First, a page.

The long legal process to enable Georgian citizens to travel to EU Schengen countries for tourism and business purposes, without the need of a visa, moved one step forward on Monday when the Committee on Civil Liberties, Justice and Home Affairs of the European Parliament voted overwhelmingly in favour of the proposal.
44 MEPs voted in favour, and five were against. The proposal will now go to a full plenary session of the parliament, likely in October. The process will then be put for the final approval of the 'trilogue' a process involving the parliament, EU member states and the European Commission.
Georgia has undertaken very significant reforms in recent years as part of its efforts to establish closer ties with the European Union. These included significant changes to both legislation and practices in order to ensure visa free travel for its citizens to the EU. The matter was due for consideration before the summer but was delayed due to issues related to some other asspirant countries for visa free travel. On Monday the European Parliament gave the go-ahead for the process to continue with regards to Georgia and Ukraine, but stopped short of doing the same in the case of Kosovo. Issues related to visa free travel for Turkey are also stalled.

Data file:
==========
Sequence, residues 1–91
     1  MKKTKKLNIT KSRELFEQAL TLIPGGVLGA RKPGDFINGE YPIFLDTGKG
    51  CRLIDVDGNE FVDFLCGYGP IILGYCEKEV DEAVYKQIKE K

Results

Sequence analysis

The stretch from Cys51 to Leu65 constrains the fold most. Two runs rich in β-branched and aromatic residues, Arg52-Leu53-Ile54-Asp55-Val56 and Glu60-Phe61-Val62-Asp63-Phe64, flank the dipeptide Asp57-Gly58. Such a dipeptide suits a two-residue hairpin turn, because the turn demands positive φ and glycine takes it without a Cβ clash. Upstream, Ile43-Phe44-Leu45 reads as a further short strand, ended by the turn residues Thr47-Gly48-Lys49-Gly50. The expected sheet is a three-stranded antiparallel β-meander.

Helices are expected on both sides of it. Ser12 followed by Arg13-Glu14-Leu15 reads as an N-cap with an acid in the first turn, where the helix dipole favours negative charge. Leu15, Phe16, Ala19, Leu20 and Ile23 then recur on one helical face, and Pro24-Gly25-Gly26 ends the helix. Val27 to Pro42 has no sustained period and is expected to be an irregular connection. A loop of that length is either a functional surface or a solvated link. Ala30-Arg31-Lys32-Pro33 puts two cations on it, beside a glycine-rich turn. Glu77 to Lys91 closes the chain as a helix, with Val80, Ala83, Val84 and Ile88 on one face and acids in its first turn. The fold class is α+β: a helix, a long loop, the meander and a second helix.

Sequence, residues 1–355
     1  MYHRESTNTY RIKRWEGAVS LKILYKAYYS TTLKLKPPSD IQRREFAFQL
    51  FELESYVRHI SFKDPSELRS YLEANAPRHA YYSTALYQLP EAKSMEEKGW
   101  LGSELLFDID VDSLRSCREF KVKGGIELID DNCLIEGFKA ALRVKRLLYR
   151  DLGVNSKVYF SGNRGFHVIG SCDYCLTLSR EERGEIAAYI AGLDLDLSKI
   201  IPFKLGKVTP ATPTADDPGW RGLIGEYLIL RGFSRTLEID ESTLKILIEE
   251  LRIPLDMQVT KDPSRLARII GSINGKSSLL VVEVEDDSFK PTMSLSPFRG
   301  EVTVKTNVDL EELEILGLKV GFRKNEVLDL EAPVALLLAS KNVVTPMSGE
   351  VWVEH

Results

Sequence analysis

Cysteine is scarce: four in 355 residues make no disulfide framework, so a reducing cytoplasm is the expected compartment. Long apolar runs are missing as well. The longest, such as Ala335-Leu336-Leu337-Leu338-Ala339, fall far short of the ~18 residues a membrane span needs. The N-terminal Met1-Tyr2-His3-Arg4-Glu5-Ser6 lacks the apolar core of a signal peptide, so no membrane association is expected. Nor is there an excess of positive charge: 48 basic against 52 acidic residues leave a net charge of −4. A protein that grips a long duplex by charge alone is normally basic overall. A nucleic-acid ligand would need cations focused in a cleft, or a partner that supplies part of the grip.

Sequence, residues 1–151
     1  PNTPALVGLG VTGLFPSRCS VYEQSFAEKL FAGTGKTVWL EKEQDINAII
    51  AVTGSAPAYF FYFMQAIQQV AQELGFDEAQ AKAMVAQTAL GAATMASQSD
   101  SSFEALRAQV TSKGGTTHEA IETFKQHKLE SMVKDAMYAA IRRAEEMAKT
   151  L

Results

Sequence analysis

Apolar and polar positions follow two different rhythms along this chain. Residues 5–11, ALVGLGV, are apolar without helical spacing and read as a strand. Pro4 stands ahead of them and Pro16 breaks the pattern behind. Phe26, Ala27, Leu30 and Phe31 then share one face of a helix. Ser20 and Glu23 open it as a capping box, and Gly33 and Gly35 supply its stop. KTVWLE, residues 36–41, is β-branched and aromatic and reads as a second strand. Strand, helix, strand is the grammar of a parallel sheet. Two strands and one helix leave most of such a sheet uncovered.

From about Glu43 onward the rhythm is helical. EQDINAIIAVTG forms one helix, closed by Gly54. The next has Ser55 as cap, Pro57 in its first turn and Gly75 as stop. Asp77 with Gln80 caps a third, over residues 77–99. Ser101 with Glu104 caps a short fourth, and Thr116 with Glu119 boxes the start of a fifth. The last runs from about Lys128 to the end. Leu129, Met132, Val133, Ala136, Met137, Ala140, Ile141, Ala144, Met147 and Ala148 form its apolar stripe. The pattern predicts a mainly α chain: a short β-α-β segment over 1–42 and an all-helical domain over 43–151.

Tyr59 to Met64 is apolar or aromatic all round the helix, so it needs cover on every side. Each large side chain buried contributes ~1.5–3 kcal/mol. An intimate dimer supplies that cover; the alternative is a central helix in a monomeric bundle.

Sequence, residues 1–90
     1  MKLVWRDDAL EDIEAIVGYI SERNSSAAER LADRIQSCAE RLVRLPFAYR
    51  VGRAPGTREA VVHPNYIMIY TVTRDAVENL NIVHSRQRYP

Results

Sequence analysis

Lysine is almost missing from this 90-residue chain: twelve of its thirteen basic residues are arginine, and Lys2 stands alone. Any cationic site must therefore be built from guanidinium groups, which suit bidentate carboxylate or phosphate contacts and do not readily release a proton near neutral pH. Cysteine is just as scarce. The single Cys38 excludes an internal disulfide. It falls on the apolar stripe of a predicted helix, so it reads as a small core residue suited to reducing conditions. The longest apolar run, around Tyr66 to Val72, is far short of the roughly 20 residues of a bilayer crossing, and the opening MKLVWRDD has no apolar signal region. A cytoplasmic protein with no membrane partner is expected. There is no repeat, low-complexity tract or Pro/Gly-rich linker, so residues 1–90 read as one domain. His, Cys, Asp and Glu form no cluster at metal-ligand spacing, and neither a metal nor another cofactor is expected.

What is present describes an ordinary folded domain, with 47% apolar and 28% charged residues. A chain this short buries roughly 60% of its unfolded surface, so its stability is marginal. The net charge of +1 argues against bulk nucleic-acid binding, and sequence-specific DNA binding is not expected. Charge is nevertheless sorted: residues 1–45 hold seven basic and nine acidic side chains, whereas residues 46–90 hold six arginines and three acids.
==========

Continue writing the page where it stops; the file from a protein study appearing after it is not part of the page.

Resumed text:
photo: the Plenary Session of the European parliament (archive picture)
A raft of issues are complicating relations between long time allies Turkey and the United States. But both sides continue using diplomatic back-channels to get as many concessions as possible from each other without fatally harming bilateral relations, argues Benyamin Poghosyan in this op-ed